Monthly Archives: April 2015

Since adoption of the Arizona Limited Liability Company Act (Arizona Act) in 1992, limited liability companies (LLCs) have become the business entity of choice for business people and their lawyers. This popularity is similarly evidenced in all jurisdictions across the United States. Yet, notwithstanding the widespread adoption of the LLC, in Arizona an important question remains unsettled. Namely, what fiduciary duties exist within the LLC?

Corporate and partnership law have long included the concept of fiduciary duties owed among partners, and by officers and directors to a corporation and its shareholders. Both statutes and case law are informative. However, statutes and case law do not similarly provide the same level of certainty regarding LLCs, leaving open the questions of whether managers owe fiduciary duties to the company and its members, and whether members owe fiduciary duties to each other.

Arizona: No Statutory Guidance

By design, the Arizona Act permits flexibility in structuring an LLC. The Arizona Act did not adopt the fiduciary duty language of either the Uniform Partnership Act (UPA) or Uniform Limited Liability Company Act (ULLCA). The Arizona Act does not state whether any fiduciary duties exist in an LLC it is silent and imposes no express fiduciary duties on LLC members or managers.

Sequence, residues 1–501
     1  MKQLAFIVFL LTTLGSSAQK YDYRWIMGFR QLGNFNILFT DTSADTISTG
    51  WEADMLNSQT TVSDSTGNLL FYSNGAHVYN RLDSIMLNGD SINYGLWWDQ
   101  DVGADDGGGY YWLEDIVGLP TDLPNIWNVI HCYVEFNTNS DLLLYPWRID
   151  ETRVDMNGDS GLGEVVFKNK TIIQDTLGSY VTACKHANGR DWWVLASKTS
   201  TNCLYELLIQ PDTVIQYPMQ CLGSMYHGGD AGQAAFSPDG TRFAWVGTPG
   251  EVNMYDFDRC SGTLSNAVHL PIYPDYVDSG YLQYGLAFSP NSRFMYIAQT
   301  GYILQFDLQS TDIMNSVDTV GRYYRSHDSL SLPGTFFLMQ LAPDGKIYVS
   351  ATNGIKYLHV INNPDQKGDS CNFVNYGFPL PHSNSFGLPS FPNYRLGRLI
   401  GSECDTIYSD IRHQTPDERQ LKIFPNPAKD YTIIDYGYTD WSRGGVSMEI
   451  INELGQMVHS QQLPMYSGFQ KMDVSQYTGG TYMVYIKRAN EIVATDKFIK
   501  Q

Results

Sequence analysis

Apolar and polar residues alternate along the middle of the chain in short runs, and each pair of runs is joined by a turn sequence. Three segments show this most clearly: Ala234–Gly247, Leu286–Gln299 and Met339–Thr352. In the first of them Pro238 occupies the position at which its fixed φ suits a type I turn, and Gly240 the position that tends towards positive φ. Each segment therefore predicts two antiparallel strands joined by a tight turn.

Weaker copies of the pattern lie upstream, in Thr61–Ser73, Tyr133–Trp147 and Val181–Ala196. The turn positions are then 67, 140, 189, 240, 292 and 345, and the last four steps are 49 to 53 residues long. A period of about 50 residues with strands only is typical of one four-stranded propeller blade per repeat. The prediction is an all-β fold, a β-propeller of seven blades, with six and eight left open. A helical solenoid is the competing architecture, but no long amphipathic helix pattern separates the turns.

Why this lack of certainty? Arizona law in this area is still relatively new, and thus case law has not developed over time to give much guidance. Some argue that the Legislature intended for LLCs to be governed solely by the operating agreement; thus, if the articles of organization or operating agreement do not provide for a fiduciary relationship, then none exists. Others assert that a fiduciary duty is implied in the statute and exists co-extensively with the law for corporations and partnerships, unless the operating agreement specifically limits or changes a duty.